LONDON - Chancellor of the Exchequer Philip Hammond poses with the budget box at 11 Downing Street before the announcement of the Autumn Budget Statement in the House of Commons on October 29, 2018.

Enlarge / LONDON – Chancellor of the Exchequer Philip Hammond poses with the budget box at 11 Downing Street before the announcement of the Autumn Budget Statement in the House of Commons on October 29, 2018. (credit: Wiktor Szymanowicz / Barcroft Media via Getty Images)

Britain’s top financial official has included a new “tech tax” in the country’s latest budget that would affect some of the world’s largest firms, including Apple, Google, Facebook, and others.

Called the “UK Digital Services Tax,” Chancellor of the Exchequer Philip Hammond said that this new tax would be “narrowly targeted” to go after the “UK-generated revenues” of these firms. The tax appears to attempt to legally offset efforts by numerous tech and other corporate giants to drastically minimize their tax burden in the United Kingdom and elsewhere.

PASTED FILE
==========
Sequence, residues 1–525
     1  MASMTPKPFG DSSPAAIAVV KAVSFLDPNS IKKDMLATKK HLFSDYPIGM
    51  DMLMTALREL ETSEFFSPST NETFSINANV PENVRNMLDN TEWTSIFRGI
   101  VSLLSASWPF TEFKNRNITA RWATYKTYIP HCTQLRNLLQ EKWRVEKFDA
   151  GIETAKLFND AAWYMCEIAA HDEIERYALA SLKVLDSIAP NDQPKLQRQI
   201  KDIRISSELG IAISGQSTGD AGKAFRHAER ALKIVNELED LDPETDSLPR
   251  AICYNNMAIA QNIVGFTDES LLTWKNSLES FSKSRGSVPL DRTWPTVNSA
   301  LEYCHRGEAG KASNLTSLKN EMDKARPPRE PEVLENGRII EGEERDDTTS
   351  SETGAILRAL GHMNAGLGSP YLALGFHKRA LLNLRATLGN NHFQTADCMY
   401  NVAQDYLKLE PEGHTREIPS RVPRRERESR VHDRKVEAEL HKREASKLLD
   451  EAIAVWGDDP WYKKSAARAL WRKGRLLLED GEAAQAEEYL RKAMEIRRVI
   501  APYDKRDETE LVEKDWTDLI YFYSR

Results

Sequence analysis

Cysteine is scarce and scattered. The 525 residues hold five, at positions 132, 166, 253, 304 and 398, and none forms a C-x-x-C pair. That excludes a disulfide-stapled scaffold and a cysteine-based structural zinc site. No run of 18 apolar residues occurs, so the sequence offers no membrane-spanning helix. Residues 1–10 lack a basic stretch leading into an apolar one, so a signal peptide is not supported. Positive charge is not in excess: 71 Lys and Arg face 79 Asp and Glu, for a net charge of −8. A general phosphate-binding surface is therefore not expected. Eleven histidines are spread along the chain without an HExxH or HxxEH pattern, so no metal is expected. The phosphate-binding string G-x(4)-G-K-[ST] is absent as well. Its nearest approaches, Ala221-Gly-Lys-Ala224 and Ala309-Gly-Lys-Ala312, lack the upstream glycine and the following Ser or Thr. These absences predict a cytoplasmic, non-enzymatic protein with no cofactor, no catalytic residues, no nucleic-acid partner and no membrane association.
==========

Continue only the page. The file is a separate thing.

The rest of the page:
In 2012, a British parliamentary committee chided executives from Amazon, Google, and even Starbucks for employing such tactics. Margaret Hodge, then the public accounts committee chair, slammed Google’s Northern European operations chief, saying, “We’re not accusing you of being illegal; we are accusing you of being immoral.”

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